Pedestal rock remain unnamed.Africa

What caused the rock to look like this??

Base of a rock is weathered and eroded more quickly due to abrasion (sand blasting)

Wind could only pick up sand grains a couple of feet.


Erosion by Human Activity remain unnamed.

Although moving water is the major agent of erosion that has shaped the Earth’s land surface; Human activity causes 10 times more erosion of the continental surface of the Earth than all natural processes combined.


Why is this critical
Why is this critical? remain unnamed.

  • Earth's surface involves a balanced process, where new soil forms at about the same rate as it erodes.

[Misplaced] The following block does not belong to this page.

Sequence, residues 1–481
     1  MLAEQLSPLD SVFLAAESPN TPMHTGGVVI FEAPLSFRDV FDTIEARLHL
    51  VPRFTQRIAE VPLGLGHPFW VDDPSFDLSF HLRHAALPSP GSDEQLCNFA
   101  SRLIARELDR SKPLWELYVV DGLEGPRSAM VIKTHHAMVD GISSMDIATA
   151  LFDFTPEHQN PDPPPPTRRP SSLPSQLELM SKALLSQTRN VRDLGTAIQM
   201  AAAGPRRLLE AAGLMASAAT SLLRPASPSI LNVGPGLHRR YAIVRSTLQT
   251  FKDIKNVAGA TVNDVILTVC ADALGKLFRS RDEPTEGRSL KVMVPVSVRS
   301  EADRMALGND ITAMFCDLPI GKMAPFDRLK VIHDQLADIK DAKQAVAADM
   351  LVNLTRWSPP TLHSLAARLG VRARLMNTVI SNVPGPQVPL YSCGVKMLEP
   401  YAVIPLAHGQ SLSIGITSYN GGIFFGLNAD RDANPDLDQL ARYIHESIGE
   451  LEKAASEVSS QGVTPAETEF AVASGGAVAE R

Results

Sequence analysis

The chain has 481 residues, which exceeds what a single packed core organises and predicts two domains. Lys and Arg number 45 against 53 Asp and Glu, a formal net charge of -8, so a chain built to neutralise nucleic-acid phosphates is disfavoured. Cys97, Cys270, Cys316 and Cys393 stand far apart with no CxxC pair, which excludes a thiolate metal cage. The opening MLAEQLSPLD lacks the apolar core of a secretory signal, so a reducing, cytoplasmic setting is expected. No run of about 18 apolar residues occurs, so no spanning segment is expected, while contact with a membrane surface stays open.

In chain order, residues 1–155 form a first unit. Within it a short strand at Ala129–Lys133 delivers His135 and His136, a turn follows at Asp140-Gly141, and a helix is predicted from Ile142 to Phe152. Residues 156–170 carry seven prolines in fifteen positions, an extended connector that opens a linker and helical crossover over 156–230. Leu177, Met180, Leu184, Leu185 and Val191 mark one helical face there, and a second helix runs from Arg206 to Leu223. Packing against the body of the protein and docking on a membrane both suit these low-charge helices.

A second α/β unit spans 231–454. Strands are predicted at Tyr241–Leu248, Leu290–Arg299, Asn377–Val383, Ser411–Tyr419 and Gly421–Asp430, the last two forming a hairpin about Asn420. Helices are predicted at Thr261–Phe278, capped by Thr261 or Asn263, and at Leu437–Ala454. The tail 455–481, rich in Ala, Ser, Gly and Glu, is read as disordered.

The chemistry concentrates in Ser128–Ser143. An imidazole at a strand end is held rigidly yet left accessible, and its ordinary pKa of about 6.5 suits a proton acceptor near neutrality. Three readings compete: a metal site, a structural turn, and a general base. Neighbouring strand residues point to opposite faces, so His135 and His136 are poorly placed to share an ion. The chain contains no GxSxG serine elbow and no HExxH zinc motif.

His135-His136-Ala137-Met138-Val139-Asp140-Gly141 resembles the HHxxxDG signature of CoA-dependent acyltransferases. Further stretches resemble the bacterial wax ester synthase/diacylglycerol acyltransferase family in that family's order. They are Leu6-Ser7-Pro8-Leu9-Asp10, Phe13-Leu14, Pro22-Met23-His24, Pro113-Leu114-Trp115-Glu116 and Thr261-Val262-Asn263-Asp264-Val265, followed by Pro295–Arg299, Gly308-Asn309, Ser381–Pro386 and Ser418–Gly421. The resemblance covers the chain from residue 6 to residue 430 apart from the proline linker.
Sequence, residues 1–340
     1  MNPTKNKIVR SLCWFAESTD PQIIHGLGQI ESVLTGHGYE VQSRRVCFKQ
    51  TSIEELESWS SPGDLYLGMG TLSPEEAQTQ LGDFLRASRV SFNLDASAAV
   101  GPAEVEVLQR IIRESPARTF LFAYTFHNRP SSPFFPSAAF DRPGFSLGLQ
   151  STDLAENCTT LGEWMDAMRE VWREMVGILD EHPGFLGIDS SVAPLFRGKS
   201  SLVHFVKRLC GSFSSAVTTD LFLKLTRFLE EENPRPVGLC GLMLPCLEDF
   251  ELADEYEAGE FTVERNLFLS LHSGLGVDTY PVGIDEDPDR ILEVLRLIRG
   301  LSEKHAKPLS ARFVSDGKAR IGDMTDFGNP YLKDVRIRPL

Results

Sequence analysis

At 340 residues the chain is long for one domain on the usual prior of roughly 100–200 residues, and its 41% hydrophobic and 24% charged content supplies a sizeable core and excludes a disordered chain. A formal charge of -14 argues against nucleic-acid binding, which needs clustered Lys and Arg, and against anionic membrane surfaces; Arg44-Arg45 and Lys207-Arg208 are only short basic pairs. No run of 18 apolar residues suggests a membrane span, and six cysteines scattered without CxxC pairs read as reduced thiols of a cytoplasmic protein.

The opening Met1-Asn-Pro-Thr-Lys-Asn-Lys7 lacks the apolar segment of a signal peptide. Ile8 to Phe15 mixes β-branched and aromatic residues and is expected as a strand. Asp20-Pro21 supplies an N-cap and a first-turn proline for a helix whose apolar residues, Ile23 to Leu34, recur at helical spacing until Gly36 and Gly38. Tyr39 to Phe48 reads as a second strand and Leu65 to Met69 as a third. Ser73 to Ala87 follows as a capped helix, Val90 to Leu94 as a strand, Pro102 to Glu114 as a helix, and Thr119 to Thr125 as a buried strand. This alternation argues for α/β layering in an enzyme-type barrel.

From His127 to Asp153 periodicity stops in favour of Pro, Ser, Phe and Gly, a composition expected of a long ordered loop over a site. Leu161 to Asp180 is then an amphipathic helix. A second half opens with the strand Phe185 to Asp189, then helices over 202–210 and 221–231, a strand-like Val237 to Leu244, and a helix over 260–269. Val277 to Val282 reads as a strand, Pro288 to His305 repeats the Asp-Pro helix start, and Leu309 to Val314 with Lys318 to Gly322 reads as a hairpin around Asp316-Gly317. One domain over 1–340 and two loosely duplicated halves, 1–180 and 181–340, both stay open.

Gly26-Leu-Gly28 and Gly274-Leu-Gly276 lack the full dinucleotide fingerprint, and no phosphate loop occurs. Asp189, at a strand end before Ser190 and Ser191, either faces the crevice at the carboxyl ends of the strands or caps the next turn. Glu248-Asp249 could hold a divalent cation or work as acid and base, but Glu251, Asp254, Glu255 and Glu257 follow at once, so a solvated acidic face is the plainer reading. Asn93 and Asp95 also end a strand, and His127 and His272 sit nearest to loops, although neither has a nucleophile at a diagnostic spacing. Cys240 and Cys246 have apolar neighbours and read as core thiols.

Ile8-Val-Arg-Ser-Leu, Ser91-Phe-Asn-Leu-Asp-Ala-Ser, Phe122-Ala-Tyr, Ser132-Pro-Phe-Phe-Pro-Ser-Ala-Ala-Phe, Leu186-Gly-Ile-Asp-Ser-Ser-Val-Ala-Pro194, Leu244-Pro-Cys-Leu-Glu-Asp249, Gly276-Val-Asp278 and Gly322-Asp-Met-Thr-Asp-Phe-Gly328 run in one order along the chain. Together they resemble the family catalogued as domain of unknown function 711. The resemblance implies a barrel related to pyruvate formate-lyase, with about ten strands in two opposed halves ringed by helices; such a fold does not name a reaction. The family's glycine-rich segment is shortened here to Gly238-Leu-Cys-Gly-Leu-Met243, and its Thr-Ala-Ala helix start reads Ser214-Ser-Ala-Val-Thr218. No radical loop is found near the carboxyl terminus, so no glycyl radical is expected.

****If humans are stripping soil at that rate, nature won't be able to keep up***

  • Almost all the land that is capable of producing crops is being used by the rapidly growing population.


R remain unnamed.enewable resource

  • is a natural resource which can replenish with the passage of time

    Examples

    water (hydroelectricity)

    solar energy

    biofuel (contains energy from living organisms)

Non-renewable resource

--used faster than it is made by the earth

Examples

natural gas, fossil fuels, metal ores (in human timeframe)


Help!!! remain unnamed.

What do we do now?


Terracing

Soil Conservation remain unnamed.

--protection, preservation, restoration

Terracing

Crop Rotation

Banaue rice terraces, Philippines


Check each page
Check each page remain unnamed.

Name on the back with class period

Notes—definition of each type of erosion

Illustrations

  • Quality drawings (I’m not an art teacher, but try your best to clearly illustrate!)

  • May need labels

  • Color!!

    DUE TUESDAY 10/29